Jake Hargrove is a piano teacher who spent a total of 30 years focusing and mastering in the piano primarily. The music minister for Greater Refuge Apostolic Church only decided to transit into playing the organ after that. Initially, he started off with a few years of informal learning. After which, he went on to formal training through the past two years.
During the 1980s, Jake served in the U.S. Army for a couple of years. Just last year, he was awarded first place for best original music composition in a contest that was sponsored by the Veterans Affairs. He credits his talent and accomplishments today to Katie Smart, his childhood keyboarding mentor. The retired piano teacher was his next door neighbour when he was growing up in Henderson. “I was over at her house all the time, and she got me interested in playing the piano. Some of her students were friends of mine. It was from there I took up music in college,” Jake recalled.
He pursued a bachelor’s degree at Shaw University in speech pathology along with a concentration in music. Upon graduation, he decided to give music a chance, so he furthered his music training at Ohio State. “After some soul searching, I decided to go to Southeastern Baptist Theological Seminary instead,” Jake said, adding that he received a master’s degree in divinity.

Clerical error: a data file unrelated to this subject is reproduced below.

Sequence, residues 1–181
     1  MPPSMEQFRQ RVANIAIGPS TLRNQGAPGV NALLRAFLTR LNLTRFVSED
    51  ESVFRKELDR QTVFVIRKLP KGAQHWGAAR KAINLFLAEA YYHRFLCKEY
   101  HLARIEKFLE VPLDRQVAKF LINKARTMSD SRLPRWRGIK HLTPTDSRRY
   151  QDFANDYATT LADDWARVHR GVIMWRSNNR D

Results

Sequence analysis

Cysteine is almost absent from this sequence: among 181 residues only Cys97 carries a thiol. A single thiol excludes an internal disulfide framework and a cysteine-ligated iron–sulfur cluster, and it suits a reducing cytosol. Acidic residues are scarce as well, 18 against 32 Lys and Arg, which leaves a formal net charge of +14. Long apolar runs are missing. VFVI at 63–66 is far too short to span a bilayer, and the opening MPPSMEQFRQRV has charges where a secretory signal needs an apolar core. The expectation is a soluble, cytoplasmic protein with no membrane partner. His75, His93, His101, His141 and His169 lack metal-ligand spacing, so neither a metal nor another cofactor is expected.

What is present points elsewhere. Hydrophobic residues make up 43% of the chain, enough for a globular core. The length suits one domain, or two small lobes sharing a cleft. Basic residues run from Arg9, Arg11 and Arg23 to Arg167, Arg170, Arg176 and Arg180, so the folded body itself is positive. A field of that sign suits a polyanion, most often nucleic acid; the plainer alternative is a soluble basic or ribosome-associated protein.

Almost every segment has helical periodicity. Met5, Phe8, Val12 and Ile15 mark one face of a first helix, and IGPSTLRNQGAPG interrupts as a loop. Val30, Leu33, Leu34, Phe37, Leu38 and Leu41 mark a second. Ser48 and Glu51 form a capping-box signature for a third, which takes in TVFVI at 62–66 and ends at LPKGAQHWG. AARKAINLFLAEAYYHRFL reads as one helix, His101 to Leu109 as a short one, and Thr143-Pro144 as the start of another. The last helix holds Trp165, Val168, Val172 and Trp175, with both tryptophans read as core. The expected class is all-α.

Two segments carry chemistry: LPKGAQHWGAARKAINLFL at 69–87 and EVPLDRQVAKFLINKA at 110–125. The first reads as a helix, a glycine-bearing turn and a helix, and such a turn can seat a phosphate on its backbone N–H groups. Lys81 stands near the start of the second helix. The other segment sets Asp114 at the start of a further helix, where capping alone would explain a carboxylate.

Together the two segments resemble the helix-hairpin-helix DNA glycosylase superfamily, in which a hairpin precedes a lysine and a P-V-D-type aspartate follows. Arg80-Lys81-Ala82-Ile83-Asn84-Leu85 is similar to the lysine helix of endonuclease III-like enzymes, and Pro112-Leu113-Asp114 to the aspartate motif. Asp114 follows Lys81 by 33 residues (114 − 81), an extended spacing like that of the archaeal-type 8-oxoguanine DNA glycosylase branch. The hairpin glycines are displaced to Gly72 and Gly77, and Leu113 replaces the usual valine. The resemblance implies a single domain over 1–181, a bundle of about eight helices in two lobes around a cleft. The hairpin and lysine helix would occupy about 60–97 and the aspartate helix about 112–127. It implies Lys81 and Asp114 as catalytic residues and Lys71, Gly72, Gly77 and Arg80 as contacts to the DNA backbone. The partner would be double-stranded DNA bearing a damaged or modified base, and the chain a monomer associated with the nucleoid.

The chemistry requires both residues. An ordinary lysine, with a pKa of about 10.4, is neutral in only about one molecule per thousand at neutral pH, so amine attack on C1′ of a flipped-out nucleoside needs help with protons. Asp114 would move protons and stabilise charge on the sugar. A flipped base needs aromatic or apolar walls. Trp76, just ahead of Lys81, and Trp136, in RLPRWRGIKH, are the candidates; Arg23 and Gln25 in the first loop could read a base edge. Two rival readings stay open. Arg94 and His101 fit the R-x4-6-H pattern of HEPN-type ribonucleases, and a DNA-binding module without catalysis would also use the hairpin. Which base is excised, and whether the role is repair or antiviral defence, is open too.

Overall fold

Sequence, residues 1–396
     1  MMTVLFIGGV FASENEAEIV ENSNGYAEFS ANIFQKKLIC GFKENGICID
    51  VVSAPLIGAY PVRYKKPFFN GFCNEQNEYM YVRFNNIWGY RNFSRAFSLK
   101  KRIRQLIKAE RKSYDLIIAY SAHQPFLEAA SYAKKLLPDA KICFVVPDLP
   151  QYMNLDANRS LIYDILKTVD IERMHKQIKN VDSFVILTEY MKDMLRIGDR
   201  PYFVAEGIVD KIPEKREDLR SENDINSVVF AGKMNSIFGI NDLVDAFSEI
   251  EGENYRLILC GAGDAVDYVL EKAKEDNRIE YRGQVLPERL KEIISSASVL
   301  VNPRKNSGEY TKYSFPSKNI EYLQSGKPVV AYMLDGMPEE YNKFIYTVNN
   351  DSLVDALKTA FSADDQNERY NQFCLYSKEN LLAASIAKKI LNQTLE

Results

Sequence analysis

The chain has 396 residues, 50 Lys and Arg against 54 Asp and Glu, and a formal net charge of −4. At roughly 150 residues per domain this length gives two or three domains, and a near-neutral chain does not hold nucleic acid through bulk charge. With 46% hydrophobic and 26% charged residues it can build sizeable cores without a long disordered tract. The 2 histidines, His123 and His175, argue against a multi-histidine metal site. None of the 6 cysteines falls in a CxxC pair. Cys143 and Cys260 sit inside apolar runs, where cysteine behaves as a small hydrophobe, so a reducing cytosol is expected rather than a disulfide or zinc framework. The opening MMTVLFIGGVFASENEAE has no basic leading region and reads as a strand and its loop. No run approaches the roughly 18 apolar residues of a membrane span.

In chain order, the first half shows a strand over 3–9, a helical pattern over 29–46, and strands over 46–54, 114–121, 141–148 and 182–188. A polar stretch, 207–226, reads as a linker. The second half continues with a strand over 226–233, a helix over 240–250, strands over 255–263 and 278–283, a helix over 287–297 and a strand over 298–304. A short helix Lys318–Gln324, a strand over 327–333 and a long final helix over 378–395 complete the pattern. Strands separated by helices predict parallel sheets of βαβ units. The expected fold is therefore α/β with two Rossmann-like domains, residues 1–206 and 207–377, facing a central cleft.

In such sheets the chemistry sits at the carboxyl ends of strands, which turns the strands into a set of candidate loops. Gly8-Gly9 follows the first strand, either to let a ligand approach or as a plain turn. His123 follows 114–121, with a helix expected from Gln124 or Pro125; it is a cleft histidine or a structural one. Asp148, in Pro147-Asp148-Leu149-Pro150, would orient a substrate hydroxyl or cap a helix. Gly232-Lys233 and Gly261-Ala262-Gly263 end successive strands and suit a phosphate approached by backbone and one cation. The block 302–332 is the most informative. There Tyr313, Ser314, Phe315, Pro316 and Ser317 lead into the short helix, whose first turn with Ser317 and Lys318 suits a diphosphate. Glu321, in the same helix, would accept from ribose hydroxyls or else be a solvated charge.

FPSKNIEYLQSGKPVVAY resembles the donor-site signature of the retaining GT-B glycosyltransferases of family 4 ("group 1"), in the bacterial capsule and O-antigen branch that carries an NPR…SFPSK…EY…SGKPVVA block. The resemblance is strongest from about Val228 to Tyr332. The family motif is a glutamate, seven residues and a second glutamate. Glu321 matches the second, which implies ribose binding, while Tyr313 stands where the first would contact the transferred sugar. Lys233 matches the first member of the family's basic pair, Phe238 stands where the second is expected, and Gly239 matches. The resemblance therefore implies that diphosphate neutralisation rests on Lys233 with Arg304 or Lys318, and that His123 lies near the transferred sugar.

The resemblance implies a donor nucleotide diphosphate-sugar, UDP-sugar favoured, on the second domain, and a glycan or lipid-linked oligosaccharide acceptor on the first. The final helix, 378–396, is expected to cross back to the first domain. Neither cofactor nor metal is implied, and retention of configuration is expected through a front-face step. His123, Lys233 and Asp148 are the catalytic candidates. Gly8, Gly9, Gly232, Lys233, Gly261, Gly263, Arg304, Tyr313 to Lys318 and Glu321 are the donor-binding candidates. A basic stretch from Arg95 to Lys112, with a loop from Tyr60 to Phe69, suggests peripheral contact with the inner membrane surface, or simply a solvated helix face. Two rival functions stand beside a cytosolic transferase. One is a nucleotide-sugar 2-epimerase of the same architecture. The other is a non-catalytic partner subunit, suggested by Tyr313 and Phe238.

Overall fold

Jake was also one of the featured musicians at the Spring Street Missionary Baptist Church’s annual Easter cantata earlier this year. He assisted choirs and fellow music leaders to present “I Know My Redeemer Lives” on April 1. Lately, his ministry focus has been on taking his dedication to music to a new level. His 2013 resolution includes continuing formal training to learn more about organ music. He is considering taking up university training as a means of achieving that goal. “I have been playing improvisational for quite a few years, but it has only been recently I have taken some formal training, in the past two years or so,” he explained.
So far, his formal training has provided him with a better understanding of what organ stops to pull in order to attain the desired sound effect. “The stops are pulled in order to determine what sound you’ll hear. These determine if you will have flute sounds or deeper stringed-instrument sounds. You can also range into reed sounds such as a trumpet,” he added. If you would like to read more about the story, you can do so here.